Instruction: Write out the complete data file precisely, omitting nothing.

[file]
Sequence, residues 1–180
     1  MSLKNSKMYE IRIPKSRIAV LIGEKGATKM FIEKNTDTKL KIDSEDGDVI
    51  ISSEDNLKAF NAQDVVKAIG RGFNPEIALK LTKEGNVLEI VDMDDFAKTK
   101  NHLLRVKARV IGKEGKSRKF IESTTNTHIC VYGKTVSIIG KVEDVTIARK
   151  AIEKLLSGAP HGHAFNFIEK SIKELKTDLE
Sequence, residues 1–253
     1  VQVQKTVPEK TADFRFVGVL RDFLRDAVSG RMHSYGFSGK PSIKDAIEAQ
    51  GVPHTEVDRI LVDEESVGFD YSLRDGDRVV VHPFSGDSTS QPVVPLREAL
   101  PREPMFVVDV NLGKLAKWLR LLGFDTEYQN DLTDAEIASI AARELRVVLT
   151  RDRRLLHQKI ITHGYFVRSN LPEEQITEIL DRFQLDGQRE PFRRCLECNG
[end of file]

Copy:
Sequence, residues 1–180
     1  MSLKNSKMYE IRIPKSRIAV LIGEKGATKM FIEKNTDTKL KIDSEDGDVI
    51  ISSEDNLKAF NAQDVVKAIG RGFNPEIALK LTKEGNVLEI VDMDDFAKTK
   101  NHLLRVKARV IGKEGKSRKF IESTTNTHIC VYGKTVSIIG KVEDVTIARK
   151  AIEKLLSGAP HGHAFNFIEK SIKELKTDLE
Sequence, residues 1–253
     1  VQVQKTVPEK TADFRFVGVL RDFLRDAVSG RMHSYGFSGK PSIKDAIEAQ
    51  GVPHTEVDRI LVDEESVGFD YSLRDGDRVV VHPFSGDSTS QPVVPLREAL
   101  PREPMFVVDV NLGKLAKWLR LLGFDTEYQN DLTDAEIASI AARELRVVLT
   151  RDRRLLHQKI ITHGYFVRSN LPEEQITEIL DRFQLDGQRE PFRRCLECNG